“So, he has forgotten his stick,” I thought to myself. “And he will come back this way to fetch it. He would not let me be the last man to leave the house . . . ” I walked up the road very slowly, keeping a lookout either way, and stopped at the edge of the wood. At last, after half an hour’s waiting, the Doctor came walking towards me; he had seen me, and was walking quickly. Before he had time to speak I lifted my cap, to try him. He raised his hat in return. I went straight up to him and said:

“I gave you no greeting.”

He came a step nearer and stared at me.

“You gave me no greeting . . .?”

“No,” said I.

Pause.

“Why, it is all the same to me what you did,” he said, turning pale. “I was going to fetch my stick; I left it behind.” I could say nothing in answer to this, but I took my revenge another way; I stretched out my gun before him, as if he were a dog, and said:

“Over!”

And I whistled, as if coaxing him to jump over.

For a moment he struggled with himself; his face took on the strangest play of expression as he pressed his lips together and held his eyes fixed on the ground. Suddenly he looked at me sharply; a half smile lit up his features, and he said:

“What do you really mean by all this?”

I did not answer, but his words affected me.

Suddenly he held out his hand to me, and said gently:

“There is something wrong with you. If you will tell me what it is, then perhaps . . . ”

I was overwhelmed now with shame and despair; his calm words made me lose my balance. I wished to show him some kindness in return, and I put my arm round him, and said:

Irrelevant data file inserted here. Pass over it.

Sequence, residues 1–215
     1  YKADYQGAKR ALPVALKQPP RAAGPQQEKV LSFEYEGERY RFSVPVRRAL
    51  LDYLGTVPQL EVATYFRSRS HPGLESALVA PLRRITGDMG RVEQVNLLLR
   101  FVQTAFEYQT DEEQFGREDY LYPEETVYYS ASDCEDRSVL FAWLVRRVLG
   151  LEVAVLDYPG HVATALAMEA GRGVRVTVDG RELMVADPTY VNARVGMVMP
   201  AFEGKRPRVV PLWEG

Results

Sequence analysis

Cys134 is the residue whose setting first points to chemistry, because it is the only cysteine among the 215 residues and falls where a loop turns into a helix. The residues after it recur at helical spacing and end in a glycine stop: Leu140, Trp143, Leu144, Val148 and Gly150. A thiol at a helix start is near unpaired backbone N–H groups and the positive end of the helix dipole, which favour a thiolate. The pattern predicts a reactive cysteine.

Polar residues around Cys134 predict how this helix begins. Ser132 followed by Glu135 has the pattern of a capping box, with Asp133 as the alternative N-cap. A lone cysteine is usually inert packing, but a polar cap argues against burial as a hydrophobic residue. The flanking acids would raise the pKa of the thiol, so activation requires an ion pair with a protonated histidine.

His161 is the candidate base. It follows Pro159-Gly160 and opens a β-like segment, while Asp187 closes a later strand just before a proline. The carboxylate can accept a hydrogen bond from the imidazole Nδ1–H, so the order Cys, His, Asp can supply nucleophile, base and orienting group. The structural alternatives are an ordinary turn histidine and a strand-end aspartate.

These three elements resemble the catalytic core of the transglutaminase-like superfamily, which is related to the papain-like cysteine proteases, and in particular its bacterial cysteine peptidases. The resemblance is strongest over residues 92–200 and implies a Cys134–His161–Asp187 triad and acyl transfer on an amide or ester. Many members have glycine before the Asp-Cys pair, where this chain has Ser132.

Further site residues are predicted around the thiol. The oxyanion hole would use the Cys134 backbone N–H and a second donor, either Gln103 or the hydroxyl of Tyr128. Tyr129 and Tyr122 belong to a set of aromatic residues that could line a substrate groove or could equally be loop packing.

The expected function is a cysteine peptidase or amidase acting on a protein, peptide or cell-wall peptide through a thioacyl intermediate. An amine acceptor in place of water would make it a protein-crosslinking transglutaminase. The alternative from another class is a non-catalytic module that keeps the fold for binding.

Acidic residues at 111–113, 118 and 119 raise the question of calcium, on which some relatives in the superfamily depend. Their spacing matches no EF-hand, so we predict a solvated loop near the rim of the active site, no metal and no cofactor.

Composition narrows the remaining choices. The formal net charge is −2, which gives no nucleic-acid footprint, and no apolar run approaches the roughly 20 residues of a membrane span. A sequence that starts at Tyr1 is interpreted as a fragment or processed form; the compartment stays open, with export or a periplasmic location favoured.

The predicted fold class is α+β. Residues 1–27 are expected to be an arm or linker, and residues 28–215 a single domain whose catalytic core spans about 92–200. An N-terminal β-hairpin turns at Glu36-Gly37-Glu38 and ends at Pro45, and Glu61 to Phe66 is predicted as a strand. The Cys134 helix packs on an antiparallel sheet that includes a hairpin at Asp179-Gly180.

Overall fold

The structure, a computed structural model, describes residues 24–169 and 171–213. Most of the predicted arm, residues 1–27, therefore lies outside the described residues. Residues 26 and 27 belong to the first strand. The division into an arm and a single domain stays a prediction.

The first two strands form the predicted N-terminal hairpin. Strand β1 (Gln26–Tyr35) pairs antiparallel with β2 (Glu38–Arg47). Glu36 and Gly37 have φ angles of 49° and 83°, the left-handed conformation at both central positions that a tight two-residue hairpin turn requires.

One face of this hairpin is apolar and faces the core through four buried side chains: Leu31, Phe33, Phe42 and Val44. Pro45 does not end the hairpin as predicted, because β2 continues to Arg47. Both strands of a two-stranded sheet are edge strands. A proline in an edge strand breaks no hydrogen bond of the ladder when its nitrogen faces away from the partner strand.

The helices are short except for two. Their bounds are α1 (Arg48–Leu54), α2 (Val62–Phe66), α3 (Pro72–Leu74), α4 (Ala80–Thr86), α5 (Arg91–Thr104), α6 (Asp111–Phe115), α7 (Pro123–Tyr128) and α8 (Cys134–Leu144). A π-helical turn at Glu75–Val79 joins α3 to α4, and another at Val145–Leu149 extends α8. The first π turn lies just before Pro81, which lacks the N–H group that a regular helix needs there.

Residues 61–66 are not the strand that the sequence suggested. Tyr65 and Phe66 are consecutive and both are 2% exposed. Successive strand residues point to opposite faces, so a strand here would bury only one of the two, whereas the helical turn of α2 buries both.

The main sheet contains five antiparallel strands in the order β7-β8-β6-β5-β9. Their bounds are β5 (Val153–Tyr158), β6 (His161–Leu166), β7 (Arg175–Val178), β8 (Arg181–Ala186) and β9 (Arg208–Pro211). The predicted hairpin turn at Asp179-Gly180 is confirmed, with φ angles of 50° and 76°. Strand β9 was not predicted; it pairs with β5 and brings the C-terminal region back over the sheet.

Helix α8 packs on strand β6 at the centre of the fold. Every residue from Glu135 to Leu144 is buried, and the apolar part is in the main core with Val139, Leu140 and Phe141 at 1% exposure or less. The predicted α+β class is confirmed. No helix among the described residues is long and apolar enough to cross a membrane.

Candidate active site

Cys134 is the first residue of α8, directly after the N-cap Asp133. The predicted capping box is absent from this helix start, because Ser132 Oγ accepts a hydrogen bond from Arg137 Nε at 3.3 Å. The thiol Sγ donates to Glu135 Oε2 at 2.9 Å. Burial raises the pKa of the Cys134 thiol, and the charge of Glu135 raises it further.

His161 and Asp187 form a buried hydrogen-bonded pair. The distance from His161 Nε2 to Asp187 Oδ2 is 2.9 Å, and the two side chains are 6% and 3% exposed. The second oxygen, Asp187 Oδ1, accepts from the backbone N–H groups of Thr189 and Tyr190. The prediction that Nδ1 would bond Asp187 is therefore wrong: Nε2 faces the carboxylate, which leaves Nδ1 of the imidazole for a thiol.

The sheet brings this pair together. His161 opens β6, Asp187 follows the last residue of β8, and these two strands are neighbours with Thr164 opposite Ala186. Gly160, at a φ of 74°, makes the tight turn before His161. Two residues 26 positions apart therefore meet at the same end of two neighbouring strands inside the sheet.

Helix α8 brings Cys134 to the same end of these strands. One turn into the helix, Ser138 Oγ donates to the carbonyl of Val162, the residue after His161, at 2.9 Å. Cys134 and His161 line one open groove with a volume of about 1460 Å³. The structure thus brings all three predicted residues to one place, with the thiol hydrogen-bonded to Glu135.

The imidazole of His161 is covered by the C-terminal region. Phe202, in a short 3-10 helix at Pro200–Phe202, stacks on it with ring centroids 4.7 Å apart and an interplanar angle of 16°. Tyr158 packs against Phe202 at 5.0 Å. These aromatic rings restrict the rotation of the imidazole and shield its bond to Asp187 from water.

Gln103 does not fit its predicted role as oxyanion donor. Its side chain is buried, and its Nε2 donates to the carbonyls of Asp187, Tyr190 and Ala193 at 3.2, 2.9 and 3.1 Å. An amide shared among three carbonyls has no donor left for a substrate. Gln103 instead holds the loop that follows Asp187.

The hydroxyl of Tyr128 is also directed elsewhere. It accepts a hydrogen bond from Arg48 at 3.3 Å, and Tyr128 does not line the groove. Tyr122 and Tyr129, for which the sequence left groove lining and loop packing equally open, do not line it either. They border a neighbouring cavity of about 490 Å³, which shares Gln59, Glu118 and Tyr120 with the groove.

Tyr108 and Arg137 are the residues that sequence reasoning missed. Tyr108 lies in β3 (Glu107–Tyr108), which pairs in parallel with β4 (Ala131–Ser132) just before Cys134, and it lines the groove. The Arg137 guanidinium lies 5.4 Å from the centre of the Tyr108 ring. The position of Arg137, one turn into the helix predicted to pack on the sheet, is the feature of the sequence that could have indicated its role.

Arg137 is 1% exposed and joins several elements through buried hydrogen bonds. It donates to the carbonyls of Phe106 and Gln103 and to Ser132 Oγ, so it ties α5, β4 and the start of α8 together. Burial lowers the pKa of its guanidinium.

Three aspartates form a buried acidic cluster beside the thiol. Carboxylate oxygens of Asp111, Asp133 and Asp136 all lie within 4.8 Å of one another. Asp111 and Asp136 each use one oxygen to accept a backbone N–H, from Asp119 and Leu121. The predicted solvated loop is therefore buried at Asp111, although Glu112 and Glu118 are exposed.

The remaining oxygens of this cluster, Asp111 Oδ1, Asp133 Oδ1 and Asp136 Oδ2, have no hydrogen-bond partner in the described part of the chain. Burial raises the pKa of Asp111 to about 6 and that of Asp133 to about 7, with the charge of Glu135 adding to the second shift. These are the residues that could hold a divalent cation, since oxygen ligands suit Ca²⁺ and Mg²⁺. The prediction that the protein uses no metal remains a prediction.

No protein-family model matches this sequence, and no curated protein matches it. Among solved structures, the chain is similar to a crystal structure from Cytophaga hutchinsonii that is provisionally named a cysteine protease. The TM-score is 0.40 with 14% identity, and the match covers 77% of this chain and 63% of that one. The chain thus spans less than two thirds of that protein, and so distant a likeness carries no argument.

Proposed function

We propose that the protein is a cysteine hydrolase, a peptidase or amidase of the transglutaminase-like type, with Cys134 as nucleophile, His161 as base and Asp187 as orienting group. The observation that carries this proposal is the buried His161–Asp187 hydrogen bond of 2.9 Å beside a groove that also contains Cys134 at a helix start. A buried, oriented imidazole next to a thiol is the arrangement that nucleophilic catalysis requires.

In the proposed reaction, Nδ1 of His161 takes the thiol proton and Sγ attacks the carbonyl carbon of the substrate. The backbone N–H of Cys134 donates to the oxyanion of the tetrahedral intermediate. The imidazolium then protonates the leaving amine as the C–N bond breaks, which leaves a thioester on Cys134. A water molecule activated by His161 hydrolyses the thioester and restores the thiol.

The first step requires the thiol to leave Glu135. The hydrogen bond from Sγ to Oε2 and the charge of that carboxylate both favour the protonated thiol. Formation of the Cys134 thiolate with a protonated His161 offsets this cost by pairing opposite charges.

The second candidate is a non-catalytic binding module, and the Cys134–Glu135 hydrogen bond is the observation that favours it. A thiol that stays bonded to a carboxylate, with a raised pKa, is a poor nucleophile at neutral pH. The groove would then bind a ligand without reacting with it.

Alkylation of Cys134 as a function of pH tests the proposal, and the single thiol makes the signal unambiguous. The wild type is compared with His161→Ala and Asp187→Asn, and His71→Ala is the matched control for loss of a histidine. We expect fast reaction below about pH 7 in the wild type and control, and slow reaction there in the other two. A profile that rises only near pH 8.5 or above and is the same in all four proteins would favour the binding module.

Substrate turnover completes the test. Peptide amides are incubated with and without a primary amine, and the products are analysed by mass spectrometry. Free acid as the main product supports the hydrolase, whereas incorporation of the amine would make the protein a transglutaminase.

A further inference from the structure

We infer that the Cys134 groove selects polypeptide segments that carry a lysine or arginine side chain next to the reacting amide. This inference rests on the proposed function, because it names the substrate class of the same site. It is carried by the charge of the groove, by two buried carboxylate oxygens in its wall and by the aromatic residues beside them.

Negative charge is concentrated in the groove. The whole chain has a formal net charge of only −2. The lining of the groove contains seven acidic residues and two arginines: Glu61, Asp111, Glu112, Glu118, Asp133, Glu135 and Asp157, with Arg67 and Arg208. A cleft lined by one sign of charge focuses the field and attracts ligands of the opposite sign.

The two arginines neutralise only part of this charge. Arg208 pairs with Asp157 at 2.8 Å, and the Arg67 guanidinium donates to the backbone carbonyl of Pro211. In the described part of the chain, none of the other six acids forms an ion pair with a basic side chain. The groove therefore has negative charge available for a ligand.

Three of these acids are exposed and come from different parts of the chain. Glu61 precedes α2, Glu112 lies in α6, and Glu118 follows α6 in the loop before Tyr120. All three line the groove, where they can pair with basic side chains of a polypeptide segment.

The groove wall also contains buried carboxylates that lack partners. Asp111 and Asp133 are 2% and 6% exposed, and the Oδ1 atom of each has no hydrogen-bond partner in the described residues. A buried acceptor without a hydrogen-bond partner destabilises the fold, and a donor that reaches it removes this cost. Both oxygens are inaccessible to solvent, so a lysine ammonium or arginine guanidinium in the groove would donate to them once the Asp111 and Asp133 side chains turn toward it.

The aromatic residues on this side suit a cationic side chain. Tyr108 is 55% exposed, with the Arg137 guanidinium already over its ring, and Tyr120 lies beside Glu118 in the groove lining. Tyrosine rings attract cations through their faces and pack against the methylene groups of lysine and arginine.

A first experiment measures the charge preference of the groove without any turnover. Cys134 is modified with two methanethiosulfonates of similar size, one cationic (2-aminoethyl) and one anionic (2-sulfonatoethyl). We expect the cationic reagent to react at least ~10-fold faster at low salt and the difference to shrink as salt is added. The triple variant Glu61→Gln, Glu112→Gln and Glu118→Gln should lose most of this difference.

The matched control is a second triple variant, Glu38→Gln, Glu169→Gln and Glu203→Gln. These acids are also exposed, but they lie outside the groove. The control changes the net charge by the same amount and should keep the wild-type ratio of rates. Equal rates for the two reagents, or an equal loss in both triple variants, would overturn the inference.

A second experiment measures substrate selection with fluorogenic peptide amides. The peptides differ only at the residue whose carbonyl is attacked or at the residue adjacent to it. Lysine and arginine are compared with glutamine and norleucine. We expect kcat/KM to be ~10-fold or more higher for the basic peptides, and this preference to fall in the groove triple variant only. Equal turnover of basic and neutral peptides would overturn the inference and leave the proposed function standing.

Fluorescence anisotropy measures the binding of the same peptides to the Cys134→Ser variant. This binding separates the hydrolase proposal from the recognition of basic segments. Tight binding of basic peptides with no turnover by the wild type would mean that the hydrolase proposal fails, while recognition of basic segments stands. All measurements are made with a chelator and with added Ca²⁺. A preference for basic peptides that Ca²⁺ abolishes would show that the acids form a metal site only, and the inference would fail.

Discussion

“Forgive me this! No, what could be wrong with me? There is nothing wrong; I have no need of your help. You are looking for Edwarda, perhaps? You will find her at home. But make haste, or she will have gone to bed before you come; she was very tired, I could see it myself. I tell you the best news I can, now; it is true. You will find her at home — go, then!” And I turned and hurried away from him, striking out with a long stride up through the woods and back to the hut.

For a while I sat there on the bed just as I had come in, with my bag over my shoulder and my gun in my hand. Strange thoughts passed through my mind. Why ever had I given myself away so to that Doctor? The thought that I had put my arm round him and looked at him with wet eyes angered me; he would chuckle over it, I thought; perhaps at that very moment he might be sitting laughing over it, with Edwarda. He had set his stick aside in the hall. Yes, even if I were lame, I could not compare with the Doctor. I could never compare with him — those were her words . . .

I stepped out into the middle of the floor, cocked my gun, set the muzzle against my left instep, and pulled the trigger. The shot passed through the middle of the foot and pierced the floor. Æsop gave a short terrified bark.

A little after there came a knock at the door.

It was the Doctor.

“Sorry to disturb you,” he began. “You went off so suddenly, I thought it might do no harm if we had a little talk together. Smell of powder, isn’t there . . .?”

He was perfectly sober. “Did you see Edwarda? Did you get your stick?” I asked.

“I found my stick. But Edwarda had gone to bed . . . What’s that? Heavens, man, you’re bleeding!”

“No, nothing to speak of. I was just putting the gun away, and it went off; it’s nothing. Devil take you, am I obliged to sit here and give you all sorts of information about that . . .? You found your stick?”

But he did not heed my words; he was staring at my torn boot and the trickle of blood. With a quick movement he laid down his stick and took off his gloves.

“Sit still — I must get that boot off. I thought it was a shot I heard.”

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Last updated Saturday, March 1, 2014 at 20:38